Insensitivity.

A session on the trainer was about the last thing I wanted to do after work.
 
A long day filled with administrivia wore me out. Sunday I had nothing at the tank, fading significantly after just three minutes of honest effort. Monday's "rest day" was characterized by aches and pains, followed by a persistent hacking cough and a restless night. Tuesday was not shaping up to be a dramatic improvement on any front.
 
When I got home, I climbed into bed and promised myself I would get ready in 15 minutes. 15 became 30. 30 became 45. 45 became... 90 minutes later I finally dragged myself from under the covers and suited up. I knew in my heart it wasn't going to be pretty. No matter how rested Training Peaks indicated I was, I wasn't going to be able to do much more than make a half-hearted attempt at turning over the pedals.
 
Turns out I was wrong.
 
As soon as the legs started moving, I found I could sustain something approaching respectable power. I took a stab at a Zwift sprint and got a personal best time, soundly beating the current leader. I pushed on, putting in a respectable lap time. My times for climbs were among my best. I took another sprint. I felt great.
 
I was riding a short burst of form that I never saw coming.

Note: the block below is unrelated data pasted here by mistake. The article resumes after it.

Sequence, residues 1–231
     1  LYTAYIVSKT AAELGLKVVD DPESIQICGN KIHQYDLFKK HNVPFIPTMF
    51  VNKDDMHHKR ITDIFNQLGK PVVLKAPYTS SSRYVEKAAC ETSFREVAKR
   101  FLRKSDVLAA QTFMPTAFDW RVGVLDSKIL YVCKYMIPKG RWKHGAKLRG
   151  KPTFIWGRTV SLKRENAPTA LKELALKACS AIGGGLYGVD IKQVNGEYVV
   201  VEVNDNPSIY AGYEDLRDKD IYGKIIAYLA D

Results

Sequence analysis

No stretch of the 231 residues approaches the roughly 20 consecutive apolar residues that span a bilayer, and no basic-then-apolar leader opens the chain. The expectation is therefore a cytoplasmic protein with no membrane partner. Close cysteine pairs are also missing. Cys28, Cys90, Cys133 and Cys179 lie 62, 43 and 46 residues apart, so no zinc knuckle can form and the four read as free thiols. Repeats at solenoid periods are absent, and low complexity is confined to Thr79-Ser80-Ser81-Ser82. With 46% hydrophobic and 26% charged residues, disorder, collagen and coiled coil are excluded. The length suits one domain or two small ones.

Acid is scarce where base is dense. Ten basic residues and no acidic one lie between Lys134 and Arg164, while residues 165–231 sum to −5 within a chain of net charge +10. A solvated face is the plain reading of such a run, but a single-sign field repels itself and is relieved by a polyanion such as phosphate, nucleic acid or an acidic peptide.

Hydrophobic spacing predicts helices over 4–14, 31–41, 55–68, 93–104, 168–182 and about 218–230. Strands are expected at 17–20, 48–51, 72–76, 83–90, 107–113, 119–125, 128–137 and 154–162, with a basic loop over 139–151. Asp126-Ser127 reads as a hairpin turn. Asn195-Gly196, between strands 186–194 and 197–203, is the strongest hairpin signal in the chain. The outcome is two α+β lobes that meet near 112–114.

Some people can tell with a high degree of accuracy how they're going to perform on a given day by how they feel. Me? I have no idea. Some days I feel crappy and ride crappy. Some days I feel crappy and ride far beyond expectations. Some days I feel great but couldn't outrun a 3 year old on a kick bike. I can't seem to balance perception and reality with any real consistency.
 
Even the mountains of data I seem to compile provide few clues over the short term of how I will perform. Over the long term I can see trends and make futile efforts to avoid a catastrophic crash, but day-to-day is a complete crapshoot. Janice could probably tell me, but the one skill I've honed to perfection is my ability to disregard her sage advice. I might want to reassess my skill-development priorities.
 
Tomorrow I might fall over from the exertion of throwing my leg over the top tube. That would certainly be in line with established patterns. I rarely have a string of form that lasts more than a day or two before something beats me down.
 
One thing is sure, though. I'll never see it coming.

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